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Rare Sights, and a New Wrinkle

Navajo National Monument

I've been roaming through the Navajo Nation, enjoying the free campsites, hoping to meet a Hopi, and I've been coming across campers that are seldom seen. These include a very short Burro, perhaps 10 feet long, and a couple of Scamp 5th wheels. One fellow from the Texas panhandle said he bought the Scamp fiver after selling his Itasca motorhome for the crime of being an unrepentant gasaholic. He claimed the Scamp had more storage room than the MH. Plus he gets 16 mph while hauling it with a 4WD Ford Ranger.

Fortunately both he and his wife are under 6 feet tall, and thus able to stand up in the thing.

While at Chinle, I saw a small motorhome called a Tiger, based on an Astro van. The whole top popped up to allow headroom, much like those low-profile truck campers that crank up to expose canvas sides. They slept in the resulting overhead above the driver's seat. This little van was complete with toilet, shower, kitchen, couch, etc. It looked like a regular Class B that had accidentally been put through the hot cycle.

Don't you hate it when that happens?

And here at the Navajo National Monument, there's Jake Jacobson from New Hampshire. Jake's a Harley biker, a former construction worker, and hauls a 25 foot Aerolite standard trailer. But what he pulls it with is an "express van" with an 8X12 box, just like you may have rented from U-haul. I think it's about 6 and a half feet tall inside. Maybe 7.

Jake especially likes the slide out ramp, which allows him to ride the bike right up into the back. Enormous storage, a 350 V-8, 1 ton dually, comfortable seats, 10 mph, and an inside door into the back - makes an impressively versatile package. And he claims he bought it brand new in 1999 for $22,500. I had no idea panel vans could be had so cheap. That's less than many a pickup.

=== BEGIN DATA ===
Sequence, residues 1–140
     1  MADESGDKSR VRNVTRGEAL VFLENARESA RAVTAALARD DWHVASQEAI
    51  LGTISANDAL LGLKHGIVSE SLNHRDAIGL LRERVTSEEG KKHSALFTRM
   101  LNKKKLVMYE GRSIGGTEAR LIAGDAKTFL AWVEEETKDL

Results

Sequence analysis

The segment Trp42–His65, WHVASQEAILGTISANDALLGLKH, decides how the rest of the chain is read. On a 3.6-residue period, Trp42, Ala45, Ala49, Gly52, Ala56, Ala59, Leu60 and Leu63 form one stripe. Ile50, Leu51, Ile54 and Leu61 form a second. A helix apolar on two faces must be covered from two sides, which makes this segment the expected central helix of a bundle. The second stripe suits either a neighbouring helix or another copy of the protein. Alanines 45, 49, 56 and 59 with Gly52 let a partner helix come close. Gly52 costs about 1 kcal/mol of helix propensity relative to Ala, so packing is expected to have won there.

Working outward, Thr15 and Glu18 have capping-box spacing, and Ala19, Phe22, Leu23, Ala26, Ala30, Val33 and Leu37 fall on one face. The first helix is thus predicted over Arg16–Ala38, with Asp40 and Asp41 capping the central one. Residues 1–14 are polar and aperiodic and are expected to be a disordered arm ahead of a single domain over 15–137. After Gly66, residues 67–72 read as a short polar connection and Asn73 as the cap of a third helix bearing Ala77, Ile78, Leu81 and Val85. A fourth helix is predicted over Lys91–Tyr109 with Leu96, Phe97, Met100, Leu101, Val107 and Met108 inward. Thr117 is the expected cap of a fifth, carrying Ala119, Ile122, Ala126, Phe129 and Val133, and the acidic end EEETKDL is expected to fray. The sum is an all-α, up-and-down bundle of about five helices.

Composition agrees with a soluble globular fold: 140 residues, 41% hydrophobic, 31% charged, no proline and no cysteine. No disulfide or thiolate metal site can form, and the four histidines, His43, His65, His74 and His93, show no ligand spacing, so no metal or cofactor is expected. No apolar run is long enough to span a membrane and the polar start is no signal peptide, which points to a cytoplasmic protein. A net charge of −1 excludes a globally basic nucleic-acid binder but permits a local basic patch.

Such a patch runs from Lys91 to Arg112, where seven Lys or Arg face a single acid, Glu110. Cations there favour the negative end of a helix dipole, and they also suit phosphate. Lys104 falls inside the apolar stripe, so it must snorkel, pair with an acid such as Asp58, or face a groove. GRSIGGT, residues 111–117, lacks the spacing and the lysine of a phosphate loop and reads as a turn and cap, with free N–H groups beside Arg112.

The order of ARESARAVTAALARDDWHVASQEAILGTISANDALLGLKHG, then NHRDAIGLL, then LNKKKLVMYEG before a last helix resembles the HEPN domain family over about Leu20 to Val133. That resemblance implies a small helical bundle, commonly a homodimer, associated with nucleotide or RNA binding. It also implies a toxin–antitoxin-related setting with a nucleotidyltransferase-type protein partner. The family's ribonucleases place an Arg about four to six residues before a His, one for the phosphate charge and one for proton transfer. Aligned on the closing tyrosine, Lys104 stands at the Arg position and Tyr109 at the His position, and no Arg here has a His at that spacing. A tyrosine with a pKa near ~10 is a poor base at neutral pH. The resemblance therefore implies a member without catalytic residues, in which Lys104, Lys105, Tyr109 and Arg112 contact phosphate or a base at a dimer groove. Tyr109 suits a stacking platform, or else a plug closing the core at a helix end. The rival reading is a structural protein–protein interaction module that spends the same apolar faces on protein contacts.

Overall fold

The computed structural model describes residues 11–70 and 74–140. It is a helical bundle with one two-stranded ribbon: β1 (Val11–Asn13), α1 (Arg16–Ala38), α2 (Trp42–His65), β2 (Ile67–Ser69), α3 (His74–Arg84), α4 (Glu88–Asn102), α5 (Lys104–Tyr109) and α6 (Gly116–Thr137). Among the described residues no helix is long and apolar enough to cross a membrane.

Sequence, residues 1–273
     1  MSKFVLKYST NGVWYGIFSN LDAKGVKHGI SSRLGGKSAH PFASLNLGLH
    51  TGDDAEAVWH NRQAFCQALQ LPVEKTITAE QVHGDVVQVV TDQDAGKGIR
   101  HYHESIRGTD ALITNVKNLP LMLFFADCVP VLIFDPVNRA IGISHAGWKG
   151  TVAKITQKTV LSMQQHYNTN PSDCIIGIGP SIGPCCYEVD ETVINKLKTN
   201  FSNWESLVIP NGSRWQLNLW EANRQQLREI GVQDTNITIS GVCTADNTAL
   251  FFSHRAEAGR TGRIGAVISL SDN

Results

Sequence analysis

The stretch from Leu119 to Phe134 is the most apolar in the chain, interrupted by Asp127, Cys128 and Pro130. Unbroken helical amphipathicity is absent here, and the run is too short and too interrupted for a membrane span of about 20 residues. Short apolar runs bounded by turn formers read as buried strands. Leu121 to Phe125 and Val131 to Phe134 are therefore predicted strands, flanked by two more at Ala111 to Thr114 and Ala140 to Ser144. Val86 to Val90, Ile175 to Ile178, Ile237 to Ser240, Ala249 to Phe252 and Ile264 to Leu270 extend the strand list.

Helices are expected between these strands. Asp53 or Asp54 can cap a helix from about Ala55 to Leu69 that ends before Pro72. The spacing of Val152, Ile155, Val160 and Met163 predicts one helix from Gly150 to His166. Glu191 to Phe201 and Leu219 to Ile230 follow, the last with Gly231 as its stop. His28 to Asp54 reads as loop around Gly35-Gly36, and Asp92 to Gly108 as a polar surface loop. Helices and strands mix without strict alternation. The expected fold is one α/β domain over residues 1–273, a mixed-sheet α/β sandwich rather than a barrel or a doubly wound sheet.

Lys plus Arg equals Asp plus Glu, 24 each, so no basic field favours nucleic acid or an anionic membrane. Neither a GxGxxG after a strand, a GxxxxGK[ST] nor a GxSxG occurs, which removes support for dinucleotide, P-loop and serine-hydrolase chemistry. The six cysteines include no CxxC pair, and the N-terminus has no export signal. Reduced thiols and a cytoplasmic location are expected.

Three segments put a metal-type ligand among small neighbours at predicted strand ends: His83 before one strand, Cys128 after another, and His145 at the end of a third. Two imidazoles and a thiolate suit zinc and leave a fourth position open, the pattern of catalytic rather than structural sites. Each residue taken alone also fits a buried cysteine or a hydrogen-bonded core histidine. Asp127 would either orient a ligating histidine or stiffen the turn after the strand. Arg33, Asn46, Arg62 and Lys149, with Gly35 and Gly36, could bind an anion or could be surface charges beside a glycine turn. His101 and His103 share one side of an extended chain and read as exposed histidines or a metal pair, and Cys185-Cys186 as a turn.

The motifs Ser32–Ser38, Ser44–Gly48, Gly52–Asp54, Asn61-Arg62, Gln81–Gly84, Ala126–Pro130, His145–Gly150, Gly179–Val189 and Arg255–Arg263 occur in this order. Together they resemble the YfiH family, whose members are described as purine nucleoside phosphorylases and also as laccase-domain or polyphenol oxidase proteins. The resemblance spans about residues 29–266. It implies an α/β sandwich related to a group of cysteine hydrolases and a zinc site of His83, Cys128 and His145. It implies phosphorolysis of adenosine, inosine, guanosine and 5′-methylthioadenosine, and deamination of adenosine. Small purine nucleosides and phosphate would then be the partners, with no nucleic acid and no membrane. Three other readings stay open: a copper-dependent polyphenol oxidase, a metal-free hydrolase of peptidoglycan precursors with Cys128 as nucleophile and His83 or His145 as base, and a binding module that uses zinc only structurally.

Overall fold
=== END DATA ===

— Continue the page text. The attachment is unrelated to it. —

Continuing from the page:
Jake's been traveling 4 years now, long enough to grow his hair out as long as his beard, which makes him resemble a somewhat raggedy dandelion in a mild breeze. If you can imagine a dandelion with a Bahstan accent.

For someone who wants to haul multiple bikes, a short boat, a workshop, etc, this in combination with any trailer is a pretty good alternative to a toy hauler. The whole back opens up with the standard overhead door. The only problem he's had is that the Aerolite is only 7 feet wide, the van is 8 feet, and it's hard to see the rear of the trailer when backing up.

Bump. O, was that your cat? You want it back?

If you don't want the trailer, the van still might be a good start on a small home-made motorhome. His rig is standard, with a 350 auto, but these trucks can be had with a variety of engines and transmissions at extra cost.

And if you paint it dark brown you can park it right in the middle of the street in almost any town from coast to coast!! :o)


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